My view is they now believe much more fervently that they have a serious threat, and over the last year, they have started to address that. And the focus on Mehsud and his tribe right now is a great example of that.

But what evidence is that that they're going to go after [the] Haqqani [network] and [Mullah] Omar?

The focus of my discussions with Gen. Kayani and others has been exactly this, among other things; that there is clearly a need to do that as well.

What does he say?

Well, the fact of the matter is that the Pakistanis see India as a significant threat that isn't going to go away. So you've got a commander of forces in Gen. Kayani who has got two different fronts. He's got the Indian threat to his east, and he's got the terrorist threat to his west.

He's learning counterinsurgency as we went through. He's rotated a significant number of forces off that eastern side into the fight. And there are some limits in terms of his ability to both rotate and train and address these two things.

I've made it very clear to him what my concerns are, and he has an overall operational plan to do this. We would have him do it much more quickly. Patience isn't necessarily our strength. He is doing this in a very deliberate way. And, you know, a significant measure for my relationship with him and also him specifically is generally he lays out a plan and he executes. He tells me what he's going to do, and then he does it.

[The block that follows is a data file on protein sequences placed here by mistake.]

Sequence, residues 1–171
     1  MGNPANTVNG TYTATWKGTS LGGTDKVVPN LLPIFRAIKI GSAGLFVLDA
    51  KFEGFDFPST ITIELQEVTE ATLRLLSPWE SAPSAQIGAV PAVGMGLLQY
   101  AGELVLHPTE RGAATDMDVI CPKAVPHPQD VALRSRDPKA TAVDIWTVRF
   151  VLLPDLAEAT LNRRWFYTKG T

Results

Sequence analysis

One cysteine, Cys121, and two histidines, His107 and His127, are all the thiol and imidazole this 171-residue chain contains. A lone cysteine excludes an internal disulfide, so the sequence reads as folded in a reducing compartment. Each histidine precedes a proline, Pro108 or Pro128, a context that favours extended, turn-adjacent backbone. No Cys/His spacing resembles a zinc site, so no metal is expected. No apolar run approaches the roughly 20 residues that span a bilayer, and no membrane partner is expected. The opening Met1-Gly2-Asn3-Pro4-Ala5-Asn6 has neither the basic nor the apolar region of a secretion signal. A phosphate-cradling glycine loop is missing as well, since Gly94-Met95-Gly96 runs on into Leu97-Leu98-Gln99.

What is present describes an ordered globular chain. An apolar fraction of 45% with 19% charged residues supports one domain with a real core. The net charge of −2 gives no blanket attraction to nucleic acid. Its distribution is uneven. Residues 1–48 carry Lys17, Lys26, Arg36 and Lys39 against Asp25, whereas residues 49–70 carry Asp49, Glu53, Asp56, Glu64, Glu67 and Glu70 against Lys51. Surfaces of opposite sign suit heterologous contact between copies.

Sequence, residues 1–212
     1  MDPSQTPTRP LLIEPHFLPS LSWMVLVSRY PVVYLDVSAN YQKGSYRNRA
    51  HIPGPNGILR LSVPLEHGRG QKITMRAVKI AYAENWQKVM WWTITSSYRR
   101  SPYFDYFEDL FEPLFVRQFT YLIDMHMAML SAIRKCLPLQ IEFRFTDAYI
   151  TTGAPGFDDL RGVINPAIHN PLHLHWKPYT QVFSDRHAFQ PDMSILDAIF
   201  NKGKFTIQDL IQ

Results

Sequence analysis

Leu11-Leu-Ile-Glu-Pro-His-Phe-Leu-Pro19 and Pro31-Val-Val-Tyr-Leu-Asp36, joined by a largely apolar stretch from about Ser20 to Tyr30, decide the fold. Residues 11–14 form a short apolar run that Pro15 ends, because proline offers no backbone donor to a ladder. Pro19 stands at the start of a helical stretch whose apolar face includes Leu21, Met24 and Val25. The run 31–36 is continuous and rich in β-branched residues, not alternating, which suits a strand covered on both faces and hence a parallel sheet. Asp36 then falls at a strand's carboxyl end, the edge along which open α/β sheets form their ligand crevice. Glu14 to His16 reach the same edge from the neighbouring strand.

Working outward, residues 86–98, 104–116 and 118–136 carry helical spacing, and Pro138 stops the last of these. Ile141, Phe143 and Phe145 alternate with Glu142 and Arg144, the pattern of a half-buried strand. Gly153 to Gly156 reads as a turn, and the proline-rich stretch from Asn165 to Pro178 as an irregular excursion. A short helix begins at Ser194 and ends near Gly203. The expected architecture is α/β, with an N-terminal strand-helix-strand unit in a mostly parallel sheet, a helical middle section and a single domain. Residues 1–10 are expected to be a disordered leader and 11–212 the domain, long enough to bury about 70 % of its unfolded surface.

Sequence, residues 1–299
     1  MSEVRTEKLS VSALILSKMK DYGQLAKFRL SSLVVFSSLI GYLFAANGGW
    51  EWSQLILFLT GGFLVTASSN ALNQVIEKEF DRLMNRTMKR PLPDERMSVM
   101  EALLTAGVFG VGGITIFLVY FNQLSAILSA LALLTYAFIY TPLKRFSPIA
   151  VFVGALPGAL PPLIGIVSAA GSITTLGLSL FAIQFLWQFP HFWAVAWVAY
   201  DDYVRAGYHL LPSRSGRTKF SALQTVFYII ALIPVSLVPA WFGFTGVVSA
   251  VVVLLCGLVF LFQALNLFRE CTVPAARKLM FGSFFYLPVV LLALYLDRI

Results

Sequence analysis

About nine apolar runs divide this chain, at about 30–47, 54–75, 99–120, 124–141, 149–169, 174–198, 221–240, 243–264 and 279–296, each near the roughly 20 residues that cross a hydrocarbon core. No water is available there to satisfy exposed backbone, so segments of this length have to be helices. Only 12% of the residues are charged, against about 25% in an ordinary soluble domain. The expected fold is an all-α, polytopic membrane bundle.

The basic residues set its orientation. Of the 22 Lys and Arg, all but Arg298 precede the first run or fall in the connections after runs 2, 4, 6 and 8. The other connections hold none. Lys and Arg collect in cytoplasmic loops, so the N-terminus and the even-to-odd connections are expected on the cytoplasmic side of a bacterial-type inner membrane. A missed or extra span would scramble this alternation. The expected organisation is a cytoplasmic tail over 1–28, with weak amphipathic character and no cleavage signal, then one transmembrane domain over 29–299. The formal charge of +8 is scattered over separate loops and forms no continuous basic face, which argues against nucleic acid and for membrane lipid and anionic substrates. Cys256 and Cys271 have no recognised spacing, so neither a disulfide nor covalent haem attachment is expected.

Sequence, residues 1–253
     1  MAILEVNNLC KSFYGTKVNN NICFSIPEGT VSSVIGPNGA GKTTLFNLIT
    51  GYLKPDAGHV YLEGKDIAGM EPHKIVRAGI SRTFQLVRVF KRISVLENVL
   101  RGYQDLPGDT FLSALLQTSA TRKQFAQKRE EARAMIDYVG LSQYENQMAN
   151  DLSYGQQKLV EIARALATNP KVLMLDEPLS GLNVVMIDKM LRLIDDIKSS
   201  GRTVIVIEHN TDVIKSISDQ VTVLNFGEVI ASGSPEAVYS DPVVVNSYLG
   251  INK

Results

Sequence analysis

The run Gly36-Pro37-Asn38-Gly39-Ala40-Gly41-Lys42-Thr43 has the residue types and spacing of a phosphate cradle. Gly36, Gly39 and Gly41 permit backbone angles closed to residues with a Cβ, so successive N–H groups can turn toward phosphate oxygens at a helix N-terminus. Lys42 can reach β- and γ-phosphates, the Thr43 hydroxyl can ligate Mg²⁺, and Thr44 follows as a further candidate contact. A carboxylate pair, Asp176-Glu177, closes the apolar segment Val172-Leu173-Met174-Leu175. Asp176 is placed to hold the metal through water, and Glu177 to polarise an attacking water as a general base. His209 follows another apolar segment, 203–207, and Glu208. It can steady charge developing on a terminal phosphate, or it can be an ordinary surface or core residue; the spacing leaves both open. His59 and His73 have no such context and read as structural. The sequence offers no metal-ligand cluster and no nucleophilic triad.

What is his plan to go after [the] Haqqani [network]?

I'm not going to talk about the specific details of any kind of military plans. ...

We have a new policy to pursue counterinsurgency in Afghanistan. What's the new policy in Pakistan?

The Pakistan [policy] is to engage, again, across a full spectrum of economic development, security, governmental-relationship kinds of issues. So a great example is, as we speak today, there's a bill being considered by both House and the Senate called the Kerry-Lugar bill [Enhanced Partnership with Pakistan Act of 2009], and it's a billion and a half a year for Pakistan.

That's about $30 per Pakistani citizen a year.

OK. But what's most important about that is it's actually seeking to have a five-year plan so that they know we're there for more than one year.

And even since 2002, it's been year to year in so many ways. So our policy is a long-term, sustaining relationship across a full spectrum of capabilities with a country that I believe we need to have that kind of partnership with.

posted october 13, 2009